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Great Lakes and St. Lawrence Cities Initiative Opposes Waukesha Diversion from Lake Michigan

Posted on February 17, 2016
The Great Lakes and St. Lawrence Cities Initiative, representing mayors across the Great Lakes basin, sent letters to the governors and premiers of the Great Lakes and St. Lawrence basin strongly urging them to reject the application from the City of Waukesha, Wisconsin to divert water out of the Great Lakes basin. The city of Waukesha has applied to divert up to an annual average of  approximately 38,000 cubic metres of water per day to serve the area's water supply from Lake Michigan, to then be discharged into the Root River. On January 7, 2016, the Wisconsin Department of Natural Resources recommended the approval of the application [...]

Flint's Water Crisis

Posted on February 3, 2016
News outlets have recently picked up on the water crisis in Flint, Michigan. However, residents in Flint have been living without a safe and reliable water supply for almost two years. Here is what we know so far. [...]

Shifts in Water Temperature, Availability Could Mean Less Electricity

Posted on January 6, 2016
A recent study on the effects of climate change on hydroelectric and thermoelectric power plants shows the disruption of water resources could have a harsh impact on electricity production. Change in water temperatures and a decrease of streamflows will lead to a reduction of electricity for more than half of the world’s power plants in 15 years, said the study from the journal Nature Climate Change. A thermoelectric plant depends on freshwater to cool its systems, while hydropower plants need water to move turbines and generate energy. According to the study, together these two power-generation systems contribute to approximately [...]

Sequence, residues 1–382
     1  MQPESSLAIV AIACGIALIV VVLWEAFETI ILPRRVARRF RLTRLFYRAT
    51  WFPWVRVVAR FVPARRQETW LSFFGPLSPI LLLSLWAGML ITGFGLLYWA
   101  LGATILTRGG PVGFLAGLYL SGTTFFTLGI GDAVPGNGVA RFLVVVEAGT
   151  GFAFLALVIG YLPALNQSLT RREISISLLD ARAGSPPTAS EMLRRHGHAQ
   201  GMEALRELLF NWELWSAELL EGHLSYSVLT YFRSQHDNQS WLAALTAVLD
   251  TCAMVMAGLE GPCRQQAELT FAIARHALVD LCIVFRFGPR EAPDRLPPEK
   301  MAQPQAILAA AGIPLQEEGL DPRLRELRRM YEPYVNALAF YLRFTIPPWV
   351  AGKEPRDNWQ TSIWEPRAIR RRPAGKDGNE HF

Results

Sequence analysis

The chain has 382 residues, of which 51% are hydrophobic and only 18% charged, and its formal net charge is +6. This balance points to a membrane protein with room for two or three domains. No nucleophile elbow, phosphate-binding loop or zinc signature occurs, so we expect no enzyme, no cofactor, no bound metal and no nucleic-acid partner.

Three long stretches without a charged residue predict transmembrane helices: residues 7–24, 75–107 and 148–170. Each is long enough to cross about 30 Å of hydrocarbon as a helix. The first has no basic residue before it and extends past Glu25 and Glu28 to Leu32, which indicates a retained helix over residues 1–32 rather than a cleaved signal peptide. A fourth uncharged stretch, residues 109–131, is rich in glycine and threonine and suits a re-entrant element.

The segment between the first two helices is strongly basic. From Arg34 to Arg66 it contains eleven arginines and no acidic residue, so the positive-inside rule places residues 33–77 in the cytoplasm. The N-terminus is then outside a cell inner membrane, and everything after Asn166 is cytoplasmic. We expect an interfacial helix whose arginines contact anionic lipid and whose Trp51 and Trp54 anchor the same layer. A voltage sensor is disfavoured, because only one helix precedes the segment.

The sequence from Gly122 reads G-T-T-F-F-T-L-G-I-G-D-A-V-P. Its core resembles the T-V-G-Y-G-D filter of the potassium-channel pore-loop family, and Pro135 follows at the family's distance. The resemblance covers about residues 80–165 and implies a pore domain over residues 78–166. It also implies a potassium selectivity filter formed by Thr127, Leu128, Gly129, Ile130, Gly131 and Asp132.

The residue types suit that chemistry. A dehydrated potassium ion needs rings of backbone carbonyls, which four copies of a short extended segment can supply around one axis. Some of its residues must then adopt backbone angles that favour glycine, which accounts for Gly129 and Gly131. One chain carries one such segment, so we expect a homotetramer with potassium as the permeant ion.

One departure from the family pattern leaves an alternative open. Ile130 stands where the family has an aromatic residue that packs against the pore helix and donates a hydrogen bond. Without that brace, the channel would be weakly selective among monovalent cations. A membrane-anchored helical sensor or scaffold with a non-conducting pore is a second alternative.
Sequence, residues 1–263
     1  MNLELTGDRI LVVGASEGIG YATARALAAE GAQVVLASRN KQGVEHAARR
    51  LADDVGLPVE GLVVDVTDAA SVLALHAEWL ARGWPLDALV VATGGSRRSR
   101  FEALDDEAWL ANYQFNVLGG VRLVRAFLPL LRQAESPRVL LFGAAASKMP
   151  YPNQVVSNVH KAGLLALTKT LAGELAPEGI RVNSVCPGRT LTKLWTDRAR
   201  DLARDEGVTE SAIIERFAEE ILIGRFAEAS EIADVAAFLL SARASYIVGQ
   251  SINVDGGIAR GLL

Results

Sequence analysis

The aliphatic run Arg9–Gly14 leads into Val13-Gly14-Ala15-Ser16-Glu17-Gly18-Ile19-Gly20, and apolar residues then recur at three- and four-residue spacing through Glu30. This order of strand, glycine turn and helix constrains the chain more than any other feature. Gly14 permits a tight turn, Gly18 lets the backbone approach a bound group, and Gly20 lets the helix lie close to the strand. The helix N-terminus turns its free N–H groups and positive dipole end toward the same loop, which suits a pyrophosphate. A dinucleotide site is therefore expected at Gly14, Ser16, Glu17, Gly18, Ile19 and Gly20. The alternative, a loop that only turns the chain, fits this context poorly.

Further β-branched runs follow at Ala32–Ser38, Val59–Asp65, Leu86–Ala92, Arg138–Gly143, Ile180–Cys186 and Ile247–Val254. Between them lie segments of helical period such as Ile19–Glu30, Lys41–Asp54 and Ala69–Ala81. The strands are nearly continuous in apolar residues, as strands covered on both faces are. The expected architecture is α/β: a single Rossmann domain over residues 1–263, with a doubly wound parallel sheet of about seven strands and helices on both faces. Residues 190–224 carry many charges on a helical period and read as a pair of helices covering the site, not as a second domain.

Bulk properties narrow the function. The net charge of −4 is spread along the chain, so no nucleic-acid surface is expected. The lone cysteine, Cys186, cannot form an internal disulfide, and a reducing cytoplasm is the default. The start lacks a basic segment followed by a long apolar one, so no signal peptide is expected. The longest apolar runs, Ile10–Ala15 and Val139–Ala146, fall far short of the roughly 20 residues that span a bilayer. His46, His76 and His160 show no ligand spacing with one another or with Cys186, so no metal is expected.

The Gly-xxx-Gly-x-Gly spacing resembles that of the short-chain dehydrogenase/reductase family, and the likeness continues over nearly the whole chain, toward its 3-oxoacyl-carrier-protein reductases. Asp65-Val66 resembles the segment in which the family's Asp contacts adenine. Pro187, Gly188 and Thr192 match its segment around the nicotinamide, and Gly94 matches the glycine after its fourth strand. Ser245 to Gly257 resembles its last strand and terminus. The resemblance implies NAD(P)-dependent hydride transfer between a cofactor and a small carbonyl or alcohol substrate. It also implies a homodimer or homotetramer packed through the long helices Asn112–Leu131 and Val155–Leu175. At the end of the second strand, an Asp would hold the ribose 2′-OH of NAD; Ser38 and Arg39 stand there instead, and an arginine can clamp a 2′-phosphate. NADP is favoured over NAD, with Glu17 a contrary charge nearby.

U.S. Bans Microbeads, Canada Could Follow

Posted on January 6, 2016
The U.S. has joined the battle against polyethylene microbeads by banning the use of the tiny plastic pellets commonly used as exfoliants in cosmetic care products. President Barack Obama signed a bill December 28, 2015 prohibiting companies from manufacturing or using microbeads (tiny pieces of polymers between 0.1 micrometres and 5 mm) in common personal care products like soap, face wash, and toothpaste. Many politicians, researchers, and environmental groups in Canada and the U.S. oppose the use of microbeads because of the potential damage they serve to marine environments once they flow down the drain and into waterways. The [...]

Great Lakes Mayors Commit to Reduce 30 Million Tonnes of CO2

Posted on December 11, 2015
While the negotiations of the 21st Conference of the Parties on Climate Change (COP21) edged closer to an agreement in Paris, a group of Great Lakes mayors returned to North America from a meeting of 446 mayors around the world who have made their own commitment to be part of the solution. At a press conference in Toronto on Friday, December 11, mayor Denis Lapointe of Salaberry-de-Valleyfield, Quebec said, “We are fully aware of the reality of climate change and the threats it presents to the Great Lakes and St. Lawrence, our cities, and citizens. Intense storms, dramatic changes in water levels, severe algal blooms, and more are [...]

British Columbia and Alaska Sign MOU to Protect Transboundary Waters and the Environment

Posted on November 26, 2015